Vegan fare is pulling into a Five Points train stop.
Teri Font, 22, is opening vegan restaurant Handy Diner across from the 30th and Downing light rail station on Friday. It’s a 950-square-foot Five Points spot Font says will be a far cry from the trendy vegan bistros you’ll find downtown.
“I want to make vegan food that isn’t advertised as vegan,” Font said. “Big, hearty meals, that’s what’s missing from the vegan food scene. You don’t have to just eat lettuce.”
Featuring country fried “steak” made from chickpeas and a breakfast burrito with “bacon” made of carrots, the Handy Diner’s menu straddles the line between greasy diner and hip vegan dive.
Font said she hopes to undercut vegan competition on price. The average dish costs between $3 and $7, and no menu item costs more than $10.
It cost about $25,000 to launch Handy Diner, Font said. That included buying the shuttered D-Line restaurant at 2958 Downing St. and its kitchen equipment. Rent for the 950-square-foot space costs $1,200 per month, Font said.
Font is financing the project with $4,000 of her savings, a $10,000 investment from another restaurant owner and a $12,000 loan from micro-lending site Accion. Her parents pitched in another $3,000, although Font said her mother wasn’t thrilled at the idea of her daughter opening a restaurant.
“When my mom found out I bought a diner, she called me and drove out immediately (from Iowa) to see what I was doing,” Font said. “I think she thought I was having a manic episode or something. But once she saw the place, she got it.”
The Handy Diner has one other employee in addition to Font, but she said they’ll likely bring on more staff to help if they start getting overwhelmed.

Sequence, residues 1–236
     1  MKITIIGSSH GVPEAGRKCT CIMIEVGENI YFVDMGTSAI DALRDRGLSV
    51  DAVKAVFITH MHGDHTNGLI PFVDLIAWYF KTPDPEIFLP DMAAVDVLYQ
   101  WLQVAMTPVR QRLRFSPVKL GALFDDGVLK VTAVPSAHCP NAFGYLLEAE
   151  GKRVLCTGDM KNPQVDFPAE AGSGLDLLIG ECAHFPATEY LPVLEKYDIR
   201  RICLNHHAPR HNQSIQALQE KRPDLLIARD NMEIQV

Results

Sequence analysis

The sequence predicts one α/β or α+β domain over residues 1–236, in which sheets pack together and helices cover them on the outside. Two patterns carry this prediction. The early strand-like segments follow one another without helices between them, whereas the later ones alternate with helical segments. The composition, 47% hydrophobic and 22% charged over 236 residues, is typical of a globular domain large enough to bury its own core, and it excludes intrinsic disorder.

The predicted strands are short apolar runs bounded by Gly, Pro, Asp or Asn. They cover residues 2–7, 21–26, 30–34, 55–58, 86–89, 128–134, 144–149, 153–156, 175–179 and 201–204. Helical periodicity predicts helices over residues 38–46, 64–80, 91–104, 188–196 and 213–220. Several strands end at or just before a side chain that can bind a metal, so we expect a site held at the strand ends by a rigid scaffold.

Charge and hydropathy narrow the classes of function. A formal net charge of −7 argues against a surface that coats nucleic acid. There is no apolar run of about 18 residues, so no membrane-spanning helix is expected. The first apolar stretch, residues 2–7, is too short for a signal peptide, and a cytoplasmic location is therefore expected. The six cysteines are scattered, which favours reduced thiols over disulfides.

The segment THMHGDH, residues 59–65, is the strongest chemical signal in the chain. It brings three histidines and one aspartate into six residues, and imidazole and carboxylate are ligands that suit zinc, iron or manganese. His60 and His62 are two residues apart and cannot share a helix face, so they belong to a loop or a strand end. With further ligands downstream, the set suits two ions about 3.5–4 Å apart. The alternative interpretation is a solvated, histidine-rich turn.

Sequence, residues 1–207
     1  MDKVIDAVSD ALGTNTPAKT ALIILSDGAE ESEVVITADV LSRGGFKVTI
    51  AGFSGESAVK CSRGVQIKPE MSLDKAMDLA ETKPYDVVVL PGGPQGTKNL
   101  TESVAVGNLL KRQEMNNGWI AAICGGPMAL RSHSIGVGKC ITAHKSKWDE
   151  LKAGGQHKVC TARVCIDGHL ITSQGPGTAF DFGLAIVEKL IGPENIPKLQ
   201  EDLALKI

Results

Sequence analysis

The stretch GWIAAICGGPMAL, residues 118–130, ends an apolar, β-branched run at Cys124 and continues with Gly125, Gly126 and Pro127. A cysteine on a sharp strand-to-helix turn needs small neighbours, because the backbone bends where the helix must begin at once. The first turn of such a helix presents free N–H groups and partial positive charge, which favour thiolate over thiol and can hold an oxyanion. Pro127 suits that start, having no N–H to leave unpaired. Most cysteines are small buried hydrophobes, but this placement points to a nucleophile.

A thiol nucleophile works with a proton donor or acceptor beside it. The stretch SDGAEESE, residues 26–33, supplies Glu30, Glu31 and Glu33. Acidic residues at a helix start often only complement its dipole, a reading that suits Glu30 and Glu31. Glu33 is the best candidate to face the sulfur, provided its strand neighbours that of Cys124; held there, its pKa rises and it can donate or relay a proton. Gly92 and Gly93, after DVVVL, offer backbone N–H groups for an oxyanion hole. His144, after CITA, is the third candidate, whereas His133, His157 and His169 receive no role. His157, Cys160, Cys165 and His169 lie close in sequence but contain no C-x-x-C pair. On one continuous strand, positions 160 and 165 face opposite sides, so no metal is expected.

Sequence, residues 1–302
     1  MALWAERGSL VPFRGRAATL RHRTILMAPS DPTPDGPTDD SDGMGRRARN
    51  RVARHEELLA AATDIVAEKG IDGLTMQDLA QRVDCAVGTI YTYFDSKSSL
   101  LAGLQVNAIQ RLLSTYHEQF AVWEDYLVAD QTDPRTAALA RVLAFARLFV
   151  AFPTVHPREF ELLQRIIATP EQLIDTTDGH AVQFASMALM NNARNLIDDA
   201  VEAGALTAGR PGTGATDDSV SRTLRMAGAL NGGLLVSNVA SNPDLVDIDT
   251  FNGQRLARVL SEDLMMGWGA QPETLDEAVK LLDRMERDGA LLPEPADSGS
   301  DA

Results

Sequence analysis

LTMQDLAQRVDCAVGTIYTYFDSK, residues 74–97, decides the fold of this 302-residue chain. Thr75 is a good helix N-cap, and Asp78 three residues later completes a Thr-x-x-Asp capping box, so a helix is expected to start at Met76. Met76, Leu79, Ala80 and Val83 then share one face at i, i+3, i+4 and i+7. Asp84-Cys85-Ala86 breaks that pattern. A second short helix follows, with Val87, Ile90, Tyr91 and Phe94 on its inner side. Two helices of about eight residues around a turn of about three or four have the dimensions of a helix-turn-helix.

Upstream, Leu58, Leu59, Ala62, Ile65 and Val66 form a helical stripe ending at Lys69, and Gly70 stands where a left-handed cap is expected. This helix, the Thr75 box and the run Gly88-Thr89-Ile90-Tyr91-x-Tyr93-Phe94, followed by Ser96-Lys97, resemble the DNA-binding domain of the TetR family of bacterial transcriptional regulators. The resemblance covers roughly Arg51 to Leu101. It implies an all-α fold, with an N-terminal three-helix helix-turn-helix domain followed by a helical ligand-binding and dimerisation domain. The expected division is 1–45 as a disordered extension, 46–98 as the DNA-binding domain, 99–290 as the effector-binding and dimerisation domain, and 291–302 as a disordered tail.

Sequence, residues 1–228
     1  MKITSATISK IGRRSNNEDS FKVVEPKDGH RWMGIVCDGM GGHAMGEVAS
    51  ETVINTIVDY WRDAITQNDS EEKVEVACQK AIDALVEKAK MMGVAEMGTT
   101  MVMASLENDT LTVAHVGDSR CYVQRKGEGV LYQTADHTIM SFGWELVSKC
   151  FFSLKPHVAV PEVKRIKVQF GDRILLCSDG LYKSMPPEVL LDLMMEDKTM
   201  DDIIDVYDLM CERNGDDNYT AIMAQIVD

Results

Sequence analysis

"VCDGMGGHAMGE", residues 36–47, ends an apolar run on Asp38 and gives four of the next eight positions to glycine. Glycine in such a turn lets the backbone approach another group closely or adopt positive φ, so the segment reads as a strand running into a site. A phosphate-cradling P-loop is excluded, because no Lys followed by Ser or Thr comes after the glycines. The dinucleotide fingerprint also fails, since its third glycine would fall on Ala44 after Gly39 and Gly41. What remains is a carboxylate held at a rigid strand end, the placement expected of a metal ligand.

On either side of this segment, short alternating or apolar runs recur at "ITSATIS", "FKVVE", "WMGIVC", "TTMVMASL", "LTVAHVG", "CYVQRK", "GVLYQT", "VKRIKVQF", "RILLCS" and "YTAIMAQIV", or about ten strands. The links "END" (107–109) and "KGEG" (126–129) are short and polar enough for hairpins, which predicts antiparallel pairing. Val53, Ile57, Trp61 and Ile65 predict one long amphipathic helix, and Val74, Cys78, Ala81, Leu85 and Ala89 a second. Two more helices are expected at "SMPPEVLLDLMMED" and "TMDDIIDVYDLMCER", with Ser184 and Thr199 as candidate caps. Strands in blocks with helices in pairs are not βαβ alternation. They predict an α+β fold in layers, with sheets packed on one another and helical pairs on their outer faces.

Font said she thinks she’ll be able to compete next to spots like Cap Hill’s City O’ City because she’s catering to a niche market in an area that doesn’t yet have a vegan restaurant.
Font said she hopes to appeal to non-vegans, as well, and will target commuters passing through on the light rail and neighborhood residents. She also expects to see daily visits from members of the neighboring Colorado Dawah Mosque, she said, some of whom worship at the mosque four or five times a day.
Font also wants to draw in the vegan crowd from other Denver neighborhoods. She’s trying to spread the word to vegans online using social media ahead of its opening.
The Handy Diner is the culmination of five years of work for Font, who left her home in Fairfield, Iowa, at the age of 17 to work in Denver’s restaurant industry and get involved in its music scene.
“I really wanted to be a cook, but I didn’t have a lot of contacts and no one would hire me without any restaurants on my resume,” she said. “Finally I made up a restaurant in my hometown and said I cooked there.”
The bluff paid off, and Font landed a job at Little Man Ice Cream in the Highlands. After a yearlong stint at Little Man, she moved on to work at the Butcher Block Cafe in RiNo and at WaterCourse Foods before opening the Handy Diner.